Short communication: In vitro rumen gas production and starch degradation of starch-based feeds depend on mean particle size

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Abstract

Our objective was to model the effect of mean particle size (mPS) on in vitro rumen starch degradation (IVSD) and the kinetics of gas production for different starch-based feeds. For each feed, 2 batches of the same grains were separately processed through 2 different mills (cutter or rotor speed mills), with or without different screens to achieve a wide range of mPS (0.32 to 3.31 mm for corn meals; 0.19 to 2.81 mm for barley meals; 0.16 to 2.13 mm for wheat meals; 0.28 to 2.32 mm for oat meals; 0.21 to 2.36 mm for rye meals; 0.40 to 1.79 for sorghum meals; 0.26 to 4.71 mm for pea meals; and 0.25 to 4.53 mm for faba meals). The IVSD data and gas production kinetics, obtained by fitting to a single-pool exponential model, were analyzed using a completely randomized design, in which the main tested effect was mPS (n = 6 for all tested meals, except n = 7 for corn meals and n = 5 for sorghum meals). Rumen inocula were collected from 2 fistulated Holstein dairy cows that were fed a total mixed ration consisting of 16.2% crude protein, 28.5% starch, and 35.0% neutral detergent fiber on a dry matter basis. The IVSD, evaluated after 7 h of rumen incubation, decreased linearly with increasing mPS for corn, barley, wheat, rye, pea, and faba meals, and decreased quadratically with increasing mPS for the other meals. The y-axis intercept for 7-h IVSD was below 90% starch for corn, barley, and rye feeds and greater than 90% for the other tested feeds. The mPS adjustment factors for the rate of rumen starch degradation varied widely among the different tested feeds. We found a linear decrease in starch degradation with increasing mPS for barley, wheat, rye, and pea meals, whereas we noted a quadratic decrease in starch degradation for the other tested meals. Further, we observed a linear decrease in the rate of gas production with increasing mPS in each tested feed, except for pea meal, which had a quadratic relationship. For each 1 mm increase in mPS, the gas production was adjusted by −0.009 h−1for corn, −0.011 h−1for barley, −0.008 h−1for wheat, and −0.006 h−1for faba, whereas numerically greater adjustments were needed for oat (−0.022 h−1), rye (−0.017 h−1), and sorghum (−0.014 h−1). These mPS adjustment factors could be used to modify the starch-based feed energy values as a function of mean particle size, although in vivo validation is required.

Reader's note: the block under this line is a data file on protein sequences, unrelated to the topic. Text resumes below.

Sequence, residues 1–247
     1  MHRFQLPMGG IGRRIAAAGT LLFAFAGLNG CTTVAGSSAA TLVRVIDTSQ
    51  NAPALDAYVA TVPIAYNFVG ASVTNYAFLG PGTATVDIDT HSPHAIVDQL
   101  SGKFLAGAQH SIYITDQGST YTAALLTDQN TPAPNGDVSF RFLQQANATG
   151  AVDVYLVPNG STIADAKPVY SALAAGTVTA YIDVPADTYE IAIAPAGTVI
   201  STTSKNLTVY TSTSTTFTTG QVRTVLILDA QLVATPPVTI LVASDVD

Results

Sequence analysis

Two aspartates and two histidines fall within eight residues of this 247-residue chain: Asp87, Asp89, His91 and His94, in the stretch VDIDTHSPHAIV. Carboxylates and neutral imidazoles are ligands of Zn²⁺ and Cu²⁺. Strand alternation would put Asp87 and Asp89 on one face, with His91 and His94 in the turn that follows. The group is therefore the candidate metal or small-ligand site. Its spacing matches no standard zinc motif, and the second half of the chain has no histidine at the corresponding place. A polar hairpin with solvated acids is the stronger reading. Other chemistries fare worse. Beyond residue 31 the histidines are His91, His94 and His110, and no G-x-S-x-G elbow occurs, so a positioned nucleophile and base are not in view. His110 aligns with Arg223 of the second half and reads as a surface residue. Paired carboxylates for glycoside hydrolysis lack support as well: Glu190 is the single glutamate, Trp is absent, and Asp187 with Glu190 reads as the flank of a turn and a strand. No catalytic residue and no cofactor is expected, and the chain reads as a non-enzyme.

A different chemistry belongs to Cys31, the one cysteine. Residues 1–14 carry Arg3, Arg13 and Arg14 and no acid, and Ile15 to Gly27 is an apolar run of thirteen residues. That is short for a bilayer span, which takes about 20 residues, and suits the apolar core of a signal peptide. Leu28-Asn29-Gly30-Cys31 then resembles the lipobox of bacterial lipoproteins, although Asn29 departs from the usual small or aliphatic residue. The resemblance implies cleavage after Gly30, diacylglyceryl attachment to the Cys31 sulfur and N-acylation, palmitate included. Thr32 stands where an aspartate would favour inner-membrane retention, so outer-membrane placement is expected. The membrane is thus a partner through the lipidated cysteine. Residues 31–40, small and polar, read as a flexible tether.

Original languageEnglish
Pages (from-to)6142-6149
Number of pages8
JournalJournal of Dairy Science
Volume101
DOIs
Publication statusPublished - 2018

Keywords

  • Animal Science and Zoology
  • Food Science
  • Genetics
  • fermentation kinetics
  • in vitro method
  • nutritional model
  • processing

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